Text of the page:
Poems by Annie Wenstrup
November 18, 2021 Landscape
Medium: Handwoven Silk, Chamber Musicians, Electricity
The sun set at 3:33 PM. The sky was day until it was a navy dress hemmed with pink and orange. Not hibiscus bright, but gentle like the inside of a seashell. Then, the hem fell. All of this happened behind me. I drove east that afternoon, bringing my children home to where the sun had already set. Inside our cabin, electric lights illuminated us while the boiler, the fan and the refrigerator reverberated. It was not like the buzz of an insect. It was like living inside a double bass while the bassist pulls their bow over the E string and their bow is long and the musician is steady. Later that night, the nearly full moon rose in the north. As it did, the earth’s shadow moved across its face. It was not like a solar eclipse where darkness replaces the sun. Instead, the earth’s shadow blushed the moon red. It was not like a cherry tomato, it was like the interior of a salmon’s belly. Fleshed, it was no longer the moon, it was an index finger glowing inside a pulse oximeter. I watched from my covered front porch. The propane heater threw out a ring of warmth. Above the heater, the ceiling’s frost melted and fell onto the heater’s cover. The drops landed, hissed, then rose again. The earth, moon and sun continued to move. Earth’s flush slowly withdrew from the moon’s face. It took most of the night to end.
Ghazal for a Future Hometown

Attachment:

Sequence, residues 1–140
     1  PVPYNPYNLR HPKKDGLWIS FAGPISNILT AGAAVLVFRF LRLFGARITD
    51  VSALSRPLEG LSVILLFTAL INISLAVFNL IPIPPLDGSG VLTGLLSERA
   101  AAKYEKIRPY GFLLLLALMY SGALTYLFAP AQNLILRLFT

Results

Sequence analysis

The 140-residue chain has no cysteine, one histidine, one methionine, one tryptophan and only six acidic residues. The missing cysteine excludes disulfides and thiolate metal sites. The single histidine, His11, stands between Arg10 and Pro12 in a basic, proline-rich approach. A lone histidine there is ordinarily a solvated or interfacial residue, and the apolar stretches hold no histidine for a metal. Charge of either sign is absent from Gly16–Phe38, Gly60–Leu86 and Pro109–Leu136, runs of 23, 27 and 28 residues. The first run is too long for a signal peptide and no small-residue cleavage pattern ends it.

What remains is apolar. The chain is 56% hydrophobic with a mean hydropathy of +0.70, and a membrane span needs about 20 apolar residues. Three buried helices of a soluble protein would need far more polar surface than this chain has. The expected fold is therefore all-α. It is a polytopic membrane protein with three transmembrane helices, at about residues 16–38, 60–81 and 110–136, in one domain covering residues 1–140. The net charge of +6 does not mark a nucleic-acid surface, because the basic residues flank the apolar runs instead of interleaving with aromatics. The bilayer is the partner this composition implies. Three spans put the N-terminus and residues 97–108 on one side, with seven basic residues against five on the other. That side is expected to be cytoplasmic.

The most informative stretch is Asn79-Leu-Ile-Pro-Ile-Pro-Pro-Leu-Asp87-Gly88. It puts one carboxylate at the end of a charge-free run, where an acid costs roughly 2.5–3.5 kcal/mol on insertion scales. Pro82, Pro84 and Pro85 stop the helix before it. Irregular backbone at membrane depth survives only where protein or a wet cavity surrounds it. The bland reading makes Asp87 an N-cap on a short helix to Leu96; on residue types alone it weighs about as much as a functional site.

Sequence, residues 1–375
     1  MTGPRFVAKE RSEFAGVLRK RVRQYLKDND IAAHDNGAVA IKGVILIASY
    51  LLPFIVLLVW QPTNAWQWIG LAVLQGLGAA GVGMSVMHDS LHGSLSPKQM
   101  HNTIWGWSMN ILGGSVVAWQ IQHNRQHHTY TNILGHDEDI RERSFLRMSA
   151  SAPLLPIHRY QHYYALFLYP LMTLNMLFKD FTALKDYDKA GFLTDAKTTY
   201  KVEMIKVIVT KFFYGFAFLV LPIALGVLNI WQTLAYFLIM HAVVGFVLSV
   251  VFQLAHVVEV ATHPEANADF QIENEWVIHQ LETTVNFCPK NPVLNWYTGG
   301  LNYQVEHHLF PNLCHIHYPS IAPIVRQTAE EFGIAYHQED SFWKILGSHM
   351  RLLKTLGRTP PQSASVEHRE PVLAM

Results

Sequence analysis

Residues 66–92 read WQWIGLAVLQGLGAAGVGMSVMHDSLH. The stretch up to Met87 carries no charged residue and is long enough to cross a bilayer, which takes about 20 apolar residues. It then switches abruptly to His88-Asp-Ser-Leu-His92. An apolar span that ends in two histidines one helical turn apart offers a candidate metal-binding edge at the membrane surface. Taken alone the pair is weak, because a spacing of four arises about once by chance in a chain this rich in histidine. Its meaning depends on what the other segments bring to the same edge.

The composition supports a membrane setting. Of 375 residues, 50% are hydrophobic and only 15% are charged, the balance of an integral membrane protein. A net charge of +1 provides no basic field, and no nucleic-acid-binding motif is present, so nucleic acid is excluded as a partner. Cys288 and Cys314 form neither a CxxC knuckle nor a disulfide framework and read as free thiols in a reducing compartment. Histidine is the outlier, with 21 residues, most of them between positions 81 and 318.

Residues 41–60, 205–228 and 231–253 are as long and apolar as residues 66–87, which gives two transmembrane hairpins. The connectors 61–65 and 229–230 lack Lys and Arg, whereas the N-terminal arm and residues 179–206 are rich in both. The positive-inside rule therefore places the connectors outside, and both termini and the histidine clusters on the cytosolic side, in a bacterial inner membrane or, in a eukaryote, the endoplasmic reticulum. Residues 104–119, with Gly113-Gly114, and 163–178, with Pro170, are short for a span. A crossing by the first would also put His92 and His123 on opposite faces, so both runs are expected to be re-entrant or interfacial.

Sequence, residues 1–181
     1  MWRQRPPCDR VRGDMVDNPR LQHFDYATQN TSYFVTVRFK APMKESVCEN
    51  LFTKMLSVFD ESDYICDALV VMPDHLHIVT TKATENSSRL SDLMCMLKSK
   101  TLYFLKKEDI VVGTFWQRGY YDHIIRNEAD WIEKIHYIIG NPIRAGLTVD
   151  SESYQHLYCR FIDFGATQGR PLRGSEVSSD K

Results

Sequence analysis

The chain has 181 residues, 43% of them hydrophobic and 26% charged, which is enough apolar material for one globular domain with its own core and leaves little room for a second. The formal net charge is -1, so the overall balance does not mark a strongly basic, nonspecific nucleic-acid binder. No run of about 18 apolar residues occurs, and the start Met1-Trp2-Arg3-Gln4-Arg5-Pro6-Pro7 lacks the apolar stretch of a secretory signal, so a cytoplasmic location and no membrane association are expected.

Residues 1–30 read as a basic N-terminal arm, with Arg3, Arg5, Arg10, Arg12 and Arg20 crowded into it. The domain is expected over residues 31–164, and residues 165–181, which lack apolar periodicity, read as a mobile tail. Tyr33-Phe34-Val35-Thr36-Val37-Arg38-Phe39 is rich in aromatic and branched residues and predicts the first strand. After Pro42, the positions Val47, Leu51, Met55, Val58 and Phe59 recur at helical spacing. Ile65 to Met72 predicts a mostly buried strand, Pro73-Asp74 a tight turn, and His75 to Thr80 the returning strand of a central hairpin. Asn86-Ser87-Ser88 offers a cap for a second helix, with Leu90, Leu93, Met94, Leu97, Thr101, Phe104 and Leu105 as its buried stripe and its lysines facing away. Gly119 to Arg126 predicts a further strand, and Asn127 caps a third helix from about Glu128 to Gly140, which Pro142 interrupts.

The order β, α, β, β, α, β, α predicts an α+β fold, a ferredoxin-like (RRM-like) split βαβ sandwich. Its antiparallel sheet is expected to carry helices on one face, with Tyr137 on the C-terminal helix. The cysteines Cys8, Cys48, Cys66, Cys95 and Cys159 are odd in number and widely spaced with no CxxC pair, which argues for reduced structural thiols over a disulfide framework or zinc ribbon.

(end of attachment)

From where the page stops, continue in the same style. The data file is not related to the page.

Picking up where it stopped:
Ggugguni heard the Dena’ina sing their only song. He tossed
his eye in the wind, sang di ya du hu, voice bidden anchorage.
My parents met at a Christmas party in Anchorage
Alaska. A story recurses, becomes written anchorage.
Then it was all oil. A strange dinosaur, viscous and brown.
Fate: a body moving bodies for debt-ridden Anchorage.
My reoccurring dream: my home is flooding. Water buries
the stairs, the kitchen. I’m in a canoe but forbidden anchorage.
Summer’s shadow breaks and the tips of fireweed bloom.
Spilled sun a yolk in kahtnu. Winter quickens Anchorage.
Captain Cook and the Endeavor turned and turned again. How
salt water cleans the mudflats’ tide lines. Unwritten anchorage.
My mom forms my mouth, teaches it to speak. Say: takahtnu.
Home: a mouth full of brine, cleaved to oil-stricken Anchorage.
In winter, faithful chickadees feather their black hats. Home, my
dad says, is anywhere you hang your hat. A hook, given anchorage.
Qenash Tukda, I am speaking myself into the future, words spilling
like river off a spawning salmon. I would build my children Anchorage.
Annie Wenstrup lives in Fairbanks, AK with her husband and children. Currently, she’s a student at Stonecoast, the University of Southern Maine’s low-residency MFA program. Her work has appeared in Entropy and Slaughterhouse Magazine and is forthcoming from After. She was a finalist for the 2020 James Welch Indigenous Poetry Prize.